At uni, with a gun to my head, I had to read Paradise Lost.
I looked forward to the module on John Milton's epic poem - documenting the Fall of Man and stretching over 10,000 lines of verse - in the same way you look forward to a root canal, driving test or dinner for two with Roy Chubby Brown.
"It will change your life", my lecturer assured.
"Is it available on audio book?" was the reply. "Cut down to 25 minutes and narrated by Christopher Biggins?"
But, would you Adam and Eve it, that highly-trained, highly-intelligent, well-read educational professional was right: Paradise Lost did indeed change my life.
It made me realise that the good stuff is always dark.
Never mind all that goody-two-shoes heaven nonsense, or the beauty of Eden, the fun stuff, the exciting stuff, is always murky.
So farewell hope, and with hope farewell fear, Farewell remorse; all good to me is lost; Evil be thou my good.
Delicious isn't it? Like dunking your head in a bucket of golden syrup.
Such a scent I draw of carnage, prey innumerable, and taste the savour of death from all things there that live.
Anyways, the point of all this - other than to prove that I once read a book that wasn't part of the Fifty Shades trilogy - is to cement the theory that the best people on TV are always the baddies, they're always the ones scheming, plotting and messing with the dark arts.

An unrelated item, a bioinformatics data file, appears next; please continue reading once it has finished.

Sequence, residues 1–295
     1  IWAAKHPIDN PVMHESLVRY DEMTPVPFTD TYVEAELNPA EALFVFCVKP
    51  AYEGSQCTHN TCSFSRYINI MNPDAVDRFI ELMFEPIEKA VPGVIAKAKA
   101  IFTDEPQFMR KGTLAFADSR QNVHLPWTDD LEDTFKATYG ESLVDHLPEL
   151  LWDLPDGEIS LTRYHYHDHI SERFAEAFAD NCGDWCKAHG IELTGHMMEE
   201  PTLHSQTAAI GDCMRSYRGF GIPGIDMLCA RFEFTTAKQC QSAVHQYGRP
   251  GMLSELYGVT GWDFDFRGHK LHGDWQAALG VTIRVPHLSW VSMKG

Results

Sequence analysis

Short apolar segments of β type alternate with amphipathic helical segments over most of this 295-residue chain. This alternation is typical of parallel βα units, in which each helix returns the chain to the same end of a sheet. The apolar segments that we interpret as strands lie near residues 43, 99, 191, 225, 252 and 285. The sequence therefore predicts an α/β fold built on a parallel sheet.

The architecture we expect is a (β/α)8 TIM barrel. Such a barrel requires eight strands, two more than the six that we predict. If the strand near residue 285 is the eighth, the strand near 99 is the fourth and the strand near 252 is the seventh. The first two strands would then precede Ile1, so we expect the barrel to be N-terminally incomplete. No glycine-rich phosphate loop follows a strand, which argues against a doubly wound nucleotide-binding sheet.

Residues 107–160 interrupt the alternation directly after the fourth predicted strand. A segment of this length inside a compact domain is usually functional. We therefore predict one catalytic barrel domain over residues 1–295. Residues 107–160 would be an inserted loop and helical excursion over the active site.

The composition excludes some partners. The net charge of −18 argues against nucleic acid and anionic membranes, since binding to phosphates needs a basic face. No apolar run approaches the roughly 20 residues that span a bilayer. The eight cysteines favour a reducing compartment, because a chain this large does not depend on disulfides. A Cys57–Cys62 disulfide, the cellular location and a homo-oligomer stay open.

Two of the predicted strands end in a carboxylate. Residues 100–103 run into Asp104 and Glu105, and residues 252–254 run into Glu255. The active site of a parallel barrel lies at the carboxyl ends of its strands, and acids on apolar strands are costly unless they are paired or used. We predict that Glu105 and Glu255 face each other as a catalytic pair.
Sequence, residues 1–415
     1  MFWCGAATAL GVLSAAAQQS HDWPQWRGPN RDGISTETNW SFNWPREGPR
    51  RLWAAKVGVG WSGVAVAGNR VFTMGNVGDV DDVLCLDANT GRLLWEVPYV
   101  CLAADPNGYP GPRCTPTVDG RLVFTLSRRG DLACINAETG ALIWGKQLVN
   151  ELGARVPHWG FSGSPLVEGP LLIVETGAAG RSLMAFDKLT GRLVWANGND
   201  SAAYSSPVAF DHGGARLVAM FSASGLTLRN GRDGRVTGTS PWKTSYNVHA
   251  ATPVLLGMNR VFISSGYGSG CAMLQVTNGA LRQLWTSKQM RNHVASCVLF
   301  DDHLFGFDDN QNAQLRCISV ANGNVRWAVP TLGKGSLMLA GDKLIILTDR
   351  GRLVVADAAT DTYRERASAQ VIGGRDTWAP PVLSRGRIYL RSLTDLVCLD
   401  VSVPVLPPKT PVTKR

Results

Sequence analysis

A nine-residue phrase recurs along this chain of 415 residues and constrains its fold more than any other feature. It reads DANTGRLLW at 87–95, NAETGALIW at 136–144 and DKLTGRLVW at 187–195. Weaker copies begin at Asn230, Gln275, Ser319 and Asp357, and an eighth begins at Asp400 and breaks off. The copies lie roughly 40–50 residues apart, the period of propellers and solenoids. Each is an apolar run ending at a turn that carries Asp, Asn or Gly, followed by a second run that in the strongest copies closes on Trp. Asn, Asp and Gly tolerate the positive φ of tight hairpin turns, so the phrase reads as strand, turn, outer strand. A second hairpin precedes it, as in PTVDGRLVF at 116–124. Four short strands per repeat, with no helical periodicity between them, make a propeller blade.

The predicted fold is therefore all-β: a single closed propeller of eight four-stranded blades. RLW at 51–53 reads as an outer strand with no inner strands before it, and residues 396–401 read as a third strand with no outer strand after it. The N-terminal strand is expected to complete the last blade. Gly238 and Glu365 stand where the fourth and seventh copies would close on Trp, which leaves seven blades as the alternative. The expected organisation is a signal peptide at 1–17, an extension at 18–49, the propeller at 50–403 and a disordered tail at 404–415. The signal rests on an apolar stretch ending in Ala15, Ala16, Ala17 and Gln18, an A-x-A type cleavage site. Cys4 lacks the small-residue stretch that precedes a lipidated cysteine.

Tony Soprano, Mr Burns, Dirty Den, Alice Morgan, Nasty Nick, Spencer Matthews, The Master, Tracy Barlow,Stewie Griffin, Simon Cowell, Mumm-Ra, Lorne Malvo, Francis Underwood, Den Perry: these are the villains we love to hate.
A good baddy completely eclipses the hero: they are more intriguing, more charismatic, more exciting. You can keep your Lisa Simpsons, Rachel Greens and Ants and Decs, the rogues always have it.
And this is clearly something the producers of TV Land have cottoned on to. While the 1980s and 90s were dominated by boring-as-fudge Mr Nice Guys, the noughties and beyond have been about the antihero.
The stars of the show these days are flawed. Yes, we're all still rooting for them but it's no longer so cut and dried. Look at the biggest shows of the past decade or so, it's all about the bad goody: Detective John Luther, Walter White, Jimmy McNulty, David Brent.
ITV's recent - and quite literal - runaway success, Prey, executed this perfectly. Detective Marcus Farrow was a good guy pushed to the limits - he broke into pensioners' homes and punched his female co-worker in the face - but the whole country was behind him, shouting at the screen as genuinely evil Andrea toyed with his life. This shadowy edge gave him greater depth, greater unpredictably and the piece was stronger for it.
Hopefully this is just the start of even more leading men and women who give themselves to the dark side every now and then.
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